Legalised crime has been established in Russia for over a century. But the kickbacks for Putin’s cronies are on the scale of billions
Mark Galeotti’s study of Russian organised crime, the product of three decades of academic research and consultancy work, is more than timely. In these days of ever more bizarre Russian attacks, it reads like the essential companion to a bewildering and aggressive new world, a world that is no longer confined behind Russian borders but seeks actively to penetrate and disrupt our own society. Essentially a history of the development of Russia’s unique form of organised crime, it constantly illuminates and clarifies the familiar, legal narrative of Russian history and the attitudes of Putin’s clique.
The Russian mafia’s distinctive culture originally emerged during the years of revolution and civil war. The collapse of the state created a vacuum for brutal criminal gangs that operated according to their own rules of honour, with their own hierarchy, language and agreements. Thieves (vory) were tattooed with symbols denoting their rank and their experiences and ‘lying tattoos’ could be forcibly removed. Betrayal of the code was answerable by death and in those early years the greatest betrayal was to collaborate with the state in any way at all. Leaders were given the title vory v zakone, thieves-in-law, for their faithful adherence to the criminal life.
Of all Stalin’s toxic inheritance, perhaps his most lethal, in retrospect, was his policy of co-opting the vory as servants of the state. With millions of helpless non-criminals flooding into the camps, the Party needed assistance, and the professional criminals provided it, terrorising the ‘politicals’ in return for a comfortable life in jail. According to the old-style lore this was collaboration, but it was too profitable for many to turn down. Varlam Shalamov, in his Kolyma Tales, wrote that the culture of the professional criminals defined life in the Gulag. The millions that passed through the camps and back into society carried vor culture into every area of Russian life.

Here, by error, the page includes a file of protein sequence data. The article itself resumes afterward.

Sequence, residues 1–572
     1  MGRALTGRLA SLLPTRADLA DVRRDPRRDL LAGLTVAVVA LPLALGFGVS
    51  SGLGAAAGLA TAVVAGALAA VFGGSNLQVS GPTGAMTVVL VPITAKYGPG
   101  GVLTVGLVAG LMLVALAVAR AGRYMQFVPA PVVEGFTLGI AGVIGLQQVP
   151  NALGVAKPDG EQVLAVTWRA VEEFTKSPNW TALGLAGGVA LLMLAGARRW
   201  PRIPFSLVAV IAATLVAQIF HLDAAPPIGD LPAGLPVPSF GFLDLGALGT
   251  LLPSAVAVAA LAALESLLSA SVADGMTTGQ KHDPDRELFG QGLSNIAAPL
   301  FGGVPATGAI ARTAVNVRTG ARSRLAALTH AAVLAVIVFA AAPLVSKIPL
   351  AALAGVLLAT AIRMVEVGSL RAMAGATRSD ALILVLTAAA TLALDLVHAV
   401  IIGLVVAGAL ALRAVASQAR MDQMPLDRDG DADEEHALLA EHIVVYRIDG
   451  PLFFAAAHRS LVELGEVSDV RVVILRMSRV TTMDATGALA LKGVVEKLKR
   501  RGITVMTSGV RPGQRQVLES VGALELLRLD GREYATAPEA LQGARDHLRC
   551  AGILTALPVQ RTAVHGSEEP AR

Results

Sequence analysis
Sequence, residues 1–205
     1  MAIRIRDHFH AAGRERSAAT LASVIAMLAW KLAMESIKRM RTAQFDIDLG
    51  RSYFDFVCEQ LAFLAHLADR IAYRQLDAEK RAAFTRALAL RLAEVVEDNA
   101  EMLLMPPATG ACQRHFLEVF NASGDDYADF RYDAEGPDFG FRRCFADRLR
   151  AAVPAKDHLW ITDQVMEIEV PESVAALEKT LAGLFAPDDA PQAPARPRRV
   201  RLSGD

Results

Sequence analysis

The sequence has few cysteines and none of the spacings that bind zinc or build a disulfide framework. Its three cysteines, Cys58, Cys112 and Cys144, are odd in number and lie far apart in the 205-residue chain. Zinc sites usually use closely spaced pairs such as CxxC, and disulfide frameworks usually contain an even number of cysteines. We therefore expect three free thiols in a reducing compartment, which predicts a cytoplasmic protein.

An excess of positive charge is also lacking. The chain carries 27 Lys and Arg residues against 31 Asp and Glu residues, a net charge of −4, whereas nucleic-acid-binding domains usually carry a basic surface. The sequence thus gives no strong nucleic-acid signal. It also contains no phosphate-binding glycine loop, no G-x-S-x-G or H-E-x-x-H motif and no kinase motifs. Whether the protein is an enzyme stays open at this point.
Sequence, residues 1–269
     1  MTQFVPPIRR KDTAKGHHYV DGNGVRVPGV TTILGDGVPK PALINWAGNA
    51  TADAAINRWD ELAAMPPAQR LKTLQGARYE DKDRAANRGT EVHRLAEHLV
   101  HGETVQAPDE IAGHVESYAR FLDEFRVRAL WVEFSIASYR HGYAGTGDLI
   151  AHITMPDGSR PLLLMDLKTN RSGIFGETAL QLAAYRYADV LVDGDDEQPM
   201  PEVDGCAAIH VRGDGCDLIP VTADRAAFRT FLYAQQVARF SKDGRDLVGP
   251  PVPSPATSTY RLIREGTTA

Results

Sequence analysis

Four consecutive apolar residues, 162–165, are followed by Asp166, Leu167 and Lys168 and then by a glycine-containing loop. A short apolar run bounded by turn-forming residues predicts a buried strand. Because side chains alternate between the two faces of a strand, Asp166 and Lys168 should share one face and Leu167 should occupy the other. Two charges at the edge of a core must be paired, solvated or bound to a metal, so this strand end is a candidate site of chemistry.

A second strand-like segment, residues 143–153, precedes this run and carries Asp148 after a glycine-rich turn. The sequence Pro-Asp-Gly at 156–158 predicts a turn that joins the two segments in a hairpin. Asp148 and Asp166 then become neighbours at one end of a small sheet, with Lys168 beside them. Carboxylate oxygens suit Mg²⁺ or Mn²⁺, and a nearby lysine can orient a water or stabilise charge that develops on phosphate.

The stagnation of the 1970s created the ideal conditions for organised crime to flourish. Corrupt politicians, black market entrepreneurs and criminal gangs worked together to compensate for the failings of the planned economy. As in America in the 1930s, Gorbachev’s well-meaning but ill-planned attempt at prohibition had an explosive effect on gang activity, but it was not until Yeltsin came to power that organised crime had its finest hour.
The chaotic 1990s, like the revolutionary years, proved the perfect incubator for crime. On one hand the gangsters provided ‘security’ to business in the absence of a functioning state; on the other they expanded ever further into business and politics themselves, with accompanying, and very public, bloodshed. In 2000 the Russian electorate, terrified by the bloody and chaotic world they now inhabited, turned with relief to Putin’s promises of stability and authority.
Behind the scenes, however, Putin came to a similar arrangement with the vory as he had with the oligarchs. Galeotti quotes a gangster being briefed to this effect by a police officer: ‘Times had changed, but it need not be a problem. We just had to be cooler, smarter, and everything would be fine.’ And Putin’s circle, of course, claims its kickbacks too — not just in the form of cash, although these are reportedly on the scale of billions, but in deed, too.
Since the invasion of Ukraine and Western sanctions, Russia is being run increasingly on a war footing, with every element of society expected to step up and prove its patriotism. Even crime bosses may find themselves pressed into service for their country. Galeotti lists examples of ‘Russian-based organised crime’ acting to further Russia’s increasingly aggressive foreign policy, which include cyber-crime, the movement of people and goods, and assassinations. With 14 suspicious deaths of Russians in the UK now under examination, it seems entirely possible that some at least may have vor prints upon them.
These days the old-style vory v zakone with their quaint tattoos and ideas about non-collaboration are little more than a trope in contemporary Russian cinema. A new type of criminal now rules, known as the avtoritet – what you might call a ‘McMafia’ businessman, as comfortable in Kensington and Monaco as Moscow, who puts his business acumen to work on a range of legitimate, ‘grey’ and thoroughly criminal concerns. Just as chic, well-educated and fluent in English as any legitimate Russian businessman, and with finances hidden behind dozens of shield companies, it’s not easy even for experts to identify the vory these days.
Yet as one Russian asks Galeotti: ‘Why do you in Britain hate our mafia in Russia but love them at home?’ As long as we allow gangsters to invest and flourish in Britain, we not only fund, but validate their existence in Russia. Theresa May has galvanised the international community to protest Russia’s criminal behaviour; now she must punish the vory financially.